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In the final scene of the Broadway hit musical “Hamilton,” the cast takes center stage, gazes into the audience and sings in an emotional crescendo, “Who lives, who dies, who tells the story?”
The lights dim, the crowd erupts, and the 2,000 high school kids in the audience know exactly who will tell the story: It’s them.
Thanks to a curriculum project backed by the “Hamilton” creators, thousands of students at high schools in California, Chicago, New York and other parts of the U.S. are getting a chance to immerse themselves in the life of Alexander Hamilton, see the musical for free, and write their own Hamilton-inspired original raps, poems, plays and songs to perform on the “Hamilton” stage prior to the show.
And it turns out, many of the students say the tale of Hamilton, an immigrant who rose from poverty to become a founding father and first U.S. Treasury Secretary, is their story, too.
“No matter what challenges you face, you can overcome them. It doesn’t matter where you came from or who your parents are. That’s what ‘Hamilton’ is about,” said Emma Le, a freshman at Independence High School in San Jose, who was among 20 or so students chosen to perform prior to a “Hamilton” matinee in San Francisco recently. “Alexander Hamilton was an immigrant. He was an orphan. He had nothing. And he did it, he rose to the top.”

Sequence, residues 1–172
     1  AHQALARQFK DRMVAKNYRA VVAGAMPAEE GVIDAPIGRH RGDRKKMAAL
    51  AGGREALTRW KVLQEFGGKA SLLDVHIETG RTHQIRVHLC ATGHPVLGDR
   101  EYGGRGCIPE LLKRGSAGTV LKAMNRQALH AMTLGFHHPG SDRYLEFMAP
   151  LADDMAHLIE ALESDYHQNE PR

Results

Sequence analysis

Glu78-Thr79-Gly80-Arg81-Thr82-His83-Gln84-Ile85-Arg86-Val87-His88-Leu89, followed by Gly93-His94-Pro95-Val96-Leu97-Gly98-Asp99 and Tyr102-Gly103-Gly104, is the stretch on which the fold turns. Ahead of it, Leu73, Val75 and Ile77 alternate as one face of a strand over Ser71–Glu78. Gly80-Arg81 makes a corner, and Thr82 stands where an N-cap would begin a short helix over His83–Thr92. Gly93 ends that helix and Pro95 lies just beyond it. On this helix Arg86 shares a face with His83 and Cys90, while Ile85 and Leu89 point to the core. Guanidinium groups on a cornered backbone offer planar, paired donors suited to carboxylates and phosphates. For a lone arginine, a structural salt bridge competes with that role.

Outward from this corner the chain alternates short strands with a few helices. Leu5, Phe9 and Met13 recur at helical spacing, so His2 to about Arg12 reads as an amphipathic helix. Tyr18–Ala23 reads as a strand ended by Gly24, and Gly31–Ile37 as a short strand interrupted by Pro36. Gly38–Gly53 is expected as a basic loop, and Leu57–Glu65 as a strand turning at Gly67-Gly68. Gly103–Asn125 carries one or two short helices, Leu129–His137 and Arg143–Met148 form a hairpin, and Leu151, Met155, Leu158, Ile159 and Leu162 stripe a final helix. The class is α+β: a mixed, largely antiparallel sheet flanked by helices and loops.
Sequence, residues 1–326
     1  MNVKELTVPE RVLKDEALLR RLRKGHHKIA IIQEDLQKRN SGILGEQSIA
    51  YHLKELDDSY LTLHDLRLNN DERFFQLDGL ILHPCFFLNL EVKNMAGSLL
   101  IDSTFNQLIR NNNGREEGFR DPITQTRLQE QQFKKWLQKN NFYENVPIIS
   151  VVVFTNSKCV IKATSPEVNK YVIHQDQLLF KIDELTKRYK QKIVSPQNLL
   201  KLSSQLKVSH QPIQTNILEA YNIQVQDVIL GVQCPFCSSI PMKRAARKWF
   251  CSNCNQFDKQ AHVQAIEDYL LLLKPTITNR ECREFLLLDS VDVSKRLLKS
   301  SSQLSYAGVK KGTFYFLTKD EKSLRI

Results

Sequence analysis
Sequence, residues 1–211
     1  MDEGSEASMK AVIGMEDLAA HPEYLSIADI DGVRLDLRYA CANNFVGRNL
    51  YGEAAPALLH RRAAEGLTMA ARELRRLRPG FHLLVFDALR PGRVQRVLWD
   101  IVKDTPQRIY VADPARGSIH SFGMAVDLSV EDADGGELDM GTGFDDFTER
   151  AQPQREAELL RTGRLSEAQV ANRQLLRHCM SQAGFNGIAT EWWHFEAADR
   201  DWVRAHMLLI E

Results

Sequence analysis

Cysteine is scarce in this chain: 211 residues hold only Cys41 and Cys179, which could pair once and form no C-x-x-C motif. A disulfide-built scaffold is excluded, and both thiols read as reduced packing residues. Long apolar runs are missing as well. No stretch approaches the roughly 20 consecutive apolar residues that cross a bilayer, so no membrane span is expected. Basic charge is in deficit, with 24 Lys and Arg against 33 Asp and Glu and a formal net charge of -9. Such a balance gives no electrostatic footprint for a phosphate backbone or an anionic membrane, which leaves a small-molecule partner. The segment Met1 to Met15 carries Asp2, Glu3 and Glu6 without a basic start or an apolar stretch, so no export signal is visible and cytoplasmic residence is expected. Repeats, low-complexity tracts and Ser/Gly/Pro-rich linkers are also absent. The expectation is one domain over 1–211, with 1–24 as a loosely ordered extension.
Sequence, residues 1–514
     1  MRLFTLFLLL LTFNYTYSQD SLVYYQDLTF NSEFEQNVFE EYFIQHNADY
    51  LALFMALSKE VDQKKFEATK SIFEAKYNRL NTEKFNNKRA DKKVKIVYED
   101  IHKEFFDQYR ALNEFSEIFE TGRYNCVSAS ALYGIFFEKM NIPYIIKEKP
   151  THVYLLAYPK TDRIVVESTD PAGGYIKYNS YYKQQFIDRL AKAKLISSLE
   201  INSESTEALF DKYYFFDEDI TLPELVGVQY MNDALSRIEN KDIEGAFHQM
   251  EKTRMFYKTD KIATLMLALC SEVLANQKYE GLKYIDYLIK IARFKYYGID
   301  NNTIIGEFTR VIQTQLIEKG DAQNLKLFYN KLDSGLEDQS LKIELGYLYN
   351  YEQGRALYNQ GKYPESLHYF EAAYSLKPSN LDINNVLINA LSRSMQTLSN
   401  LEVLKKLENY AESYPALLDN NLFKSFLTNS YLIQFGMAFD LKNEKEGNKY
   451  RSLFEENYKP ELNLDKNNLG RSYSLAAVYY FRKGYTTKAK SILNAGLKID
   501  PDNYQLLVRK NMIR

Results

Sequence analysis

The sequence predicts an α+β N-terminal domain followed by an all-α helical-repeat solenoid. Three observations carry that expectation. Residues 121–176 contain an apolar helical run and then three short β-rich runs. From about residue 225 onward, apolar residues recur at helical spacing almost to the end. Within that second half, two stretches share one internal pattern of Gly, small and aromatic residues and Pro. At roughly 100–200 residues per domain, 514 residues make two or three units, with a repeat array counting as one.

The “Hamilton” education program, called EduHam, began about two years ago when Ron Chernow, author of “Alexander Hamilton,” the book on which the musical is based, and Lin-Manuel Miranda, creator of the musical, approached the Gilder Lehrman Institute of American History, a nonprofit devoted to history education, about drawing up an educational companion to the Hamilton story.
“The founding era used to be the castor oil of history education, but it’s been re-invented as the most fun, most sexy, most relevant part of the history curriculum,” said James Basker, president of the Gilder Lehrman Institute of American History.
Educators and historians at the Gilder Lehrman Institute created a high-school curriculum combining the music and creativity of the play, the historical narrative of Chernow’s book, and original documents available in the institute’s archives, such as the Federalist Papers and Hamilton’s letters to his wife.